Greetings of Peace. This blog contains selections from my correspondence and other sources on a variety of subjects related to religion, philosophy, and spirituality. I hope that they may be of benefit to the interested reader. Concerning the title of the blog, read this entry.

Thursday, February 05, 2009

The Religion of Old Women

There does sometimes seem to be a dichotomy that exists between the exoteric and esoteric dimensions of a religion. During the period when I was attending prayers at the Islamic Cultural Center of Northern California, I was always careful not to discuss elements of esoteric doctrine or Sufism with my fellow Muslims. We were united through our common bond of Islam and Iman, that is, the fundamental practices of the Shari’a and the elements of Islamic Faith which constitute what we might call the religious life. These were sufficient grounds upon which to maintain a shared identity and cultivate fellowship amongst ourselves. Among the worshippers there was an emphasis on praying correctly with much accommodation to variety, though not necessarily inquiring into the meaning of the prayer. Generally speaking an emphasis was placed on action and devotion rather than knowledge and understanding. Even the Qur’an was more of an object of veneration than the focus of reverent and intensive study and application. The majority of the attendants were well meaning people who came together to pray, enjoy the company of like-minded individuals, eat, and socialize about whatever happened to be going on in their lives.

It would have been a great disservice for me to attempt the introduction of esoteric doctrines among individuals who are content with a religious life. It would have simply evoked disdain and the inevitable retort that these teachings do not correspond to their conception and understanding of Islam. Certainly, I could go to great lengths in justifying the orthodoxy of Sufism which has been ably done by its most skillful exponents, but this would do nothing more than provoke them to a greater disdain for my presumption to teach them their religion. Not only am I unqualified to do so, but I see no reason in trying to give people things that they neither want nor have the inclination to understand especially when I am deficient in my own understanding. It is counterproductive to speak of things of a very lofty nature when the general trend of conversation pertains to those things that appeal to the least common denominator of all participants. I tend not to broach the subject of esoterism at all if I am not asked about it specifically and I generally do not discuss my beliefs unless someone asks me for advice or information which I provide to the best of my ability.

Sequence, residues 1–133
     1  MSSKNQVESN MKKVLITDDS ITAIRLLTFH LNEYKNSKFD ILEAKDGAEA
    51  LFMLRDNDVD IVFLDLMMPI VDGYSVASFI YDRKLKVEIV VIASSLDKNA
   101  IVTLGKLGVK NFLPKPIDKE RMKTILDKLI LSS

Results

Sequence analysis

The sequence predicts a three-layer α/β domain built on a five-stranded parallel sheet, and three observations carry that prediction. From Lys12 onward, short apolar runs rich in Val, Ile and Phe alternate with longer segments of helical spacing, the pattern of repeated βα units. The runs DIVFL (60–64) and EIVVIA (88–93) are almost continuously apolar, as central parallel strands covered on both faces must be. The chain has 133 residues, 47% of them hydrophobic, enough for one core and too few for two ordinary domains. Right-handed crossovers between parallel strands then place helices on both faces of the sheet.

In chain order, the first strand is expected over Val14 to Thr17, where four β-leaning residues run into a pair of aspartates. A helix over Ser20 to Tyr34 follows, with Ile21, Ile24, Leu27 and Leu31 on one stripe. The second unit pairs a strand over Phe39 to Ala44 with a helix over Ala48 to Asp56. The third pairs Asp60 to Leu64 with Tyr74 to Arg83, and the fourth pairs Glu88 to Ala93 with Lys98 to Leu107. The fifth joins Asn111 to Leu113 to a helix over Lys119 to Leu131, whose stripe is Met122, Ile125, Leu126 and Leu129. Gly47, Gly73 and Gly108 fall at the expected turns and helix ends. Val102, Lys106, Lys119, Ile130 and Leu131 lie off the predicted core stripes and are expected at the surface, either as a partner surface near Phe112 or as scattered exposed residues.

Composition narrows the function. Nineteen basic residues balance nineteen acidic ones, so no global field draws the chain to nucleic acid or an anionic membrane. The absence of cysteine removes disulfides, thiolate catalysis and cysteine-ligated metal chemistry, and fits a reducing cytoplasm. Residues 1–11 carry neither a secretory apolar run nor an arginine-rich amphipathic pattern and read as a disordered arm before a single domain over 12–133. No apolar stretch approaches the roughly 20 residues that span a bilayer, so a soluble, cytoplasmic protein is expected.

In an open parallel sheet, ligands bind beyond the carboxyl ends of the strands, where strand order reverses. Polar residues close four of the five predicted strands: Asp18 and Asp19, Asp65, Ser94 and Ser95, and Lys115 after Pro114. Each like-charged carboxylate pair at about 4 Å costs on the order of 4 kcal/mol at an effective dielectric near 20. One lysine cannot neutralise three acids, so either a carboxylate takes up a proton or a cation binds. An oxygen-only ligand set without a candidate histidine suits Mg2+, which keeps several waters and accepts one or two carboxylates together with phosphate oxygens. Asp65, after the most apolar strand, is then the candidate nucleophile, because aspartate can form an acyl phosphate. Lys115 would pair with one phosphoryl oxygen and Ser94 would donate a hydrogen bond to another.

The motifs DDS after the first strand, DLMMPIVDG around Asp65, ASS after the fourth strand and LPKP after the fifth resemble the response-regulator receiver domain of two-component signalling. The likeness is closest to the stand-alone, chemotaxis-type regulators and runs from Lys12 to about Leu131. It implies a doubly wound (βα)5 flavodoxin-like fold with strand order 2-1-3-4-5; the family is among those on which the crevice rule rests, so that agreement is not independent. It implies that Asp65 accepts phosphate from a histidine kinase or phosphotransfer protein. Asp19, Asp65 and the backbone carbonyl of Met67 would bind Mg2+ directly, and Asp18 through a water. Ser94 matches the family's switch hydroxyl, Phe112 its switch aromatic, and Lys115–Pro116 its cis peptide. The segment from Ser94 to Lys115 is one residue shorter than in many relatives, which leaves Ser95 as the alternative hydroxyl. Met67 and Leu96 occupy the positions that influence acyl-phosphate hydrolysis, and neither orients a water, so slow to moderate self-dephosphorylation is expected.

According to the prevailing religious mentality, Islam consists solely of those beliefs and practices taught to us by Allah and His Prophet Muhammad (pbuh) in the Qur’an and Sunnah. The situation is similar to that of Protestant Fundamentalism in which the scriptures are interpreted in a literal fashion and no consideration is taken of those elements of tradition whether of music, art, ritual, spiritual doctrine, or method, that were passed on through the immediate disciples of the prophet and carried down to the present day or otherwise were present as potential adaptations and manifestations of various possibilities prefigured in the revelation. The religious law, including all forms of social practice and personal behavior are the primary preoccupation of the general mass of Muslims. Those qualified to interpret the law are trained in the traditional Islamic science of jurisprudence which specifically concerns these matters.